- Prohibiting Denying Coverage of Children Based on Pre-Existing Conditions. The new law includes new rules to prevent insurance companies from denying coverage to children under the age of 19 due to a pre-existing condition. Effective for health plan years beginning on or after September 23, 2010 for new plans and existing group plans.
- Prohibiting Insurance Companies from Rescinding Coverage. In the past, insurance companies could search for an error, or other technical mistake, on a customer’s application and use this error to deny payment for services when he or she got sick. The new law makes this illegal. After media reports cited incidents of breast cancer patients losing coverage, insurance companies agreed to end this practice immediately. Effective for health plan years beginning on or after September 23, 2010.
- Eliminating Lifetime Limits on Insurance Coverage. Under the new law, insurance companies will be prohibited from imposing lifetime dollar limits on essential benefits, like hospital stays. Effective for health plan years beginning on or after September 23, 2010.
- Regulating Annual Limits on Insurance Coverage. Under the new law, insurance companies’ use of annual dollar limits on the amount of insurance coverage a patient may receive will be restricted for new plans in the individual market and all group plans. In 2014, the use of annual dollar limits on essential benefits like hospital stays will be banned for new plans in the individual market and all group plans. Effective for health plan years beginning on or after September 23, 2010.
- Appealing Insurance Company Decisions. The law provides consumers with a way to appeal coverage determinations or claims to their insurance company, and establishes an external review process. Effective for new plans beginning on or after September 23, 2010.
- Establishing Consumer Assistance Programs in the States. Under the new law, states that apply receive federal grants to help set up or expand independent offices to help consumers navigate the private health insurance system. These programs help consumers file complaints and appeals; enroll in health coverage; and get educated about their rights and responsibilities in group health plans or individual health insurance policies. The programs will also collect data on the types of problems consumers have, and file reports with the U.S. Department of Health and Human Services to identify trouble spots that need further oversight. Read a list of those who have received CAP grants. Grants Awarded October 2010.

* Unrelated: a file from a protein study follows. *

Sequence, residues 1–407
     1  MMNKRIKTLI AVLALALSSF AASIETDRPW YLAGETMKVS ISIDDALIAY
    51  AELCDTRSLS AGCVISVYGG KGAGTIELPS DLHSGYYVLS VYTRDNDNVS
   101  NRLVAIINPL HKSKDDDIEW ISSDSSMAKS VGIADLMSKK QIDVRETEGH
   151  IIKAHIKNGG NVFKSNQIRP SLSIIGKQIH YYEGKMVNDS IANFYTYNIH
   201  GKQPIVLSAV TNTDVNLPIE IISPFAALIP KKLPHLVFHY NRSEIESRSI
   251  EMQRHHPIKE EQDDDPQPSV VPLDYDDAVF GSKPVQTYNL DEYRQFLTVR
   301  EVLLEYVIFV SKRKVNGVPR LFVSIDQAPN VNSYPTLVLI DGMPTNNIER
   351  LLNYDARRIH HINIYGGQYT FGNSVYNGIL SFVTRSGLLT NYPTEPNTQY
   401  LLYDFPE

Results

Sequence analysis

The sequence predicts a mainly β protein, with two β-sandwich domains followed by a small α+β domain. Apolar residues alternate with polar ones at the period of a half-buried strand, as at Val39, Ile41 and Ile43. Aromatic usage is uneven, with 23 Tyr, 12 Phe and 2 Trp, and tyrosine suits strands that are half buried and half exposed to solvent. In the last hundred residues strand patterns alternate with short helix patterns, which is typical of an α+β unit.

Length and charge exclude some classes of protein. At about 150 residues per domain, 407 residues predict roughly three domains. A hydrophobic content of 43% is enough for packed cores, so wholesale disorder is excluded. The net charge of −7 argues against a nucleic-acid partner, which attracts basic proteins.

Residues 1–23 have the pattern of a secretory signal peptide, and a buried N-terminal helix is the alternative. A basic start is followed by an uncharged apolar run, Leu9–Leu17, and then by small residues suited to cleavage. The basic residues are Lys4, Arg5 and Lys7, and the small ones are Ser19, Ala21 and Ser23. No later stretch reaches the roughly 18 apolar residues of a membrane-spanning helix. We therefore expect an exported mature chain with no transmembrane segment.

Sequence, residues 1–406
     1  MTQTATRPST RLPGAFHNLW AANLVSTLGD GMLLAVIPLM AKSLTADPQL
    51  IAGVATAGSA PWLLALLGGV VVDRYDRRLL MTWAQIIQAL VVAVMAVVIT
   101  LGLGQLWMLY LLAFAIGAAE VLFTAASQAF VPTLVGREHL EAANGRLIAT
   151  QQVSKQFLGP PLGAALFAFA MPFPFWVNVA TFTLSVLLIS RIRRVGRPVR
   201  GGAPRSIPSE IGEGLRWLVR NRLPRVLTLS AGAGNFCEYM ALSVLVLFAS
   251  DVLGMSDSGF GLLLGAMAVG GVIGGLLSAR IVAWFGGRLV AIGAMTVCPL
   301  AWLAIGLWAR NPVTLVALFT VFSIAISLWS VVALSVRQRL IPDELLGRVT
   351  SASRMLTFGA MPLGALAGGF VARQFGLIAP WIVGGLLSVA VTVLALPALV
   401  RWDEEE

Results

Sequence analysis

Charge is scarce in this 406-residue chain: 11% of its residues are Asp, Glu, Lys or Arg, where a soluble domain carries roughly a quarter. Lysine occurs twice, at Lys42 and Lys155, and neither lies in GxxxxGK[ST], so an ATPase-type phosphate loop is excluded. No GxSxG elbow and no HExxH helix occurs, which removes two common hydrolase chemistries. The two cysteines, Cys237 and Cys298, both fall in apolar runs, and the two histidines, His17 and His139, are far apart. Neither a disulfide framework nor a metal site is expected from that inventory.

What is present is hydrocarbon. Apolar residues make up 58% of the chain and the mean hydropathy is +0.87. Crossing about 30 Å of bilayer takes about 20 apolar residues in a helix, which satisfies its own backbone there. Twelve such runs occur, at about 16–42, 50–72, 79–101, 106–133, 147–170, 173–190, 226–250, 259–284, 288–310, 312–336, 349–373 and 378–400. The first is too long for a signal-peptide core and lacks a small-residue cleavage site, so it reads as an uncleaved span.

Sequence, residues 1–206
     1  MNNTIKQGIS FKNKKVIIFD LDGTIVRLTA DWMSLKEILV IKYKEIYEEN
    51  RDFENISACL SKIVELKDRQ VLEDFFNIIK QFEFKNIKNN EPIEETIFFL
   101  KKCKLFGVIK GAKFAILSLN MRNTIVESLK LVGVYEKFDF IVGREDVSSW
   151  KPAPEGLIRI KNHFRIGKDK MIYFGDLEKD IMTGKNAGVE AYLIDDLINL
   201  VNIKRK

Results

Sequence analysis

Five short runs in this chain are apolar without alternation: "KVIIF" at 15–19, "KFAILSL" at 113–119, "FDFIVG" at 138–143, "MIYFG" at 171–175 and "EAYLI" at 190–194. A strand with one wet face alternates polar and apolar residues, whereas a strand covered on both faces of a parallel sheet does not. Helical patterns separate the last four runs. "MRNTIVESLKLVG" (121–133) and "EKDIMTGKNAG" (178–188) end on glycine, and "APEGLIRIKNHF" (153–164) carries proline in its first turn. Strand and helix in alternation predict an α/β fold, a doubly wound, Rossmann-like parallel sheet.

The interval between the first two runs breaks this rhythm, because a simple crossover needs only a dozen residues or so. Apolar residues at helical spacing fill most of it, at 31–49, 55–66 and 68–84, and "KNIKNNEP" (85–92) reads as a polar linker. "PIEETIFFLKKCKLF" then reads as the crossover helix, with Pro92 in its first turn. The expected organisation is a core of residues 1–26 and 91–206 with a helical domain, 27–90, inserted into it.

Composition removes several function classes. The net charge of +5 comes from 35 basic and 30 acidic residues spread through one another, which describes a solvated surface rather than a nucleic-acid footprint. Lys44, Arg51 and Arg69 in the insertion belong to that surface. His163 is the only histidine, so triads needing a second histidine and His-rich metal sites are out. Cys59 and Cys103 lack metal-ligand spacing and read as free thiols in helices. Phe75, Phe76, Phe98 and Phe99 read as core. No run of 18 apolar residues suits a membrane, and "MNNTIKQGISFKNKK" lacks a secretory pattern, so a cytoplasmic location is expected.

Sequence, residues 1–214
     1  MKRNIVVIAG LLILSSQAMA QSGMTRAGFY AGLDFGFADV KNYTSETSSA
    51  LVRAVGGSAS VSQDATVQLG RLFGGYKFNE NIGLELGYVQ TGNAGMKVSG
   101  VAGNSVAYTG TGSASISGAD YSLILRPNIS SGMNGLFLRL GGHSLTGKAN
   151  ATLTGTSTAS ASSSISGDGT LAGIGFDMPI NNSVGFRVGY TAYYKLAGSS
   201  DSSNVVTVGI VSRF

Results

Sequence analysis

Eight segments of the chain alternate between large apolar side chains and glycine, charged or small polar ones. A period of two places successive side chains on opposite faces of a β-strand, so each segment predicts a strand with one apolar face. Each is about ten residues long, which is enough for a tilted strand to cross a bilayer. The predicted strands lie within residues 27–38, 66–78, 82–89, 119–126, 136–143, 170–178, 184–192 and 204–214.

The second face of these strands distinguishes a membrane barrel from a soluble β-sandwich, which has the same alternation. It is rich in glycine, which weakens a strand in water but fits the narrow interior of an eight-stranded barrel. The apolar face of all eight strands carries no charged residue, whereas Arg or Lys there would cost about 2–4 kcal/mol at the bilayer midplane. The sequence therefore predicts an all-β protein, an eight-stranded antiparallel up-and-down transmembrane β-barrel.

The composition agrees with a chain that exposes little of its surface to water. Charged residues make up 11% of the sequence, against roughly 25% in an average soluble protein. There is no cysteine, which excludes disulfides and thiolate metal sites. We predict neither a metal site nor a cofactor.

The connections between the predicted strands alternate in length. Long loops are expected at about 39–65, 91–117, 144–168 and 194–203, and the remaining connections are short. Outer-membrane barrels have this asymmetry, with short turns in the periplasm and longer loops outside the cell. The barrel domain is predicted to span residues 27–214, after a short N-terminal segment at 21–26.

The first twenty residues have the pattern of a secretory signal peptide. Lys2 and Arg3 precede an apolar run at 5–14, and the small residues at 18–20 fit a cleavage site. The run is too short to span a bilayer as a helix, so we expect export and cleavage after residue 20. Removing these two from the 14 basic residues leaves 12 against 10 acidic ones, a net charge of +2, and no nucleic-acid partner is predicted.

IMPROVING QUALITY AND LOWERING COSTS
- Providing Small Business Health Insurance Tax Credits. Up to 4 million small businesses are eligible for tax credits to help them provide insurance benefits to their workers. The first phase of this provision provides a credit worth up to 35 percent of the employer’s contribution to the employees’ health insurance. Small non-profit organizations may receive up to a 25 percent credit. Effective now.
- Offering Relief for 4 Million Seniors Who Hit the Medicare Prescription Drug "Donut Hole." An estimated four million seniors will reach the gap in Medicare prescription drug coverage known as the "donut hole" this year. Each such senior will receive a $250 rebate. First checks mailed in June, 2010, and will continue monthly throughout 2010 as seniors hit the coverage gap.
- Providing Free Preventive Care. All new plans must cover certain preventive services such as mammograms and colonoscopies without charging a deductible, co-pay or coinsurance. Effective for health plan years beginning on or after September 23, 2010.
- Preventing Disease and Illness. A new $15 billion Prevention and Public Health Fund will invest in proven prevention and public health programs that can help keep Americans healthy – from smoking cessation to combating obesity. Funding begins in 2010.
- Cracking Down on Health Care Fraud. Current efforts to fight fraud have returned more than $2.5 billion to the Medicare Trust Fund in fiscal year 2009 alone. The new law invests new resources and requires new screening procedures for health care providers to boost these efforts and reduce fraud and waste in Medicare, Medicaid, and CHIP. Many provisions effective now.
INCREASING ACCESS TO AFFORDABLE CARE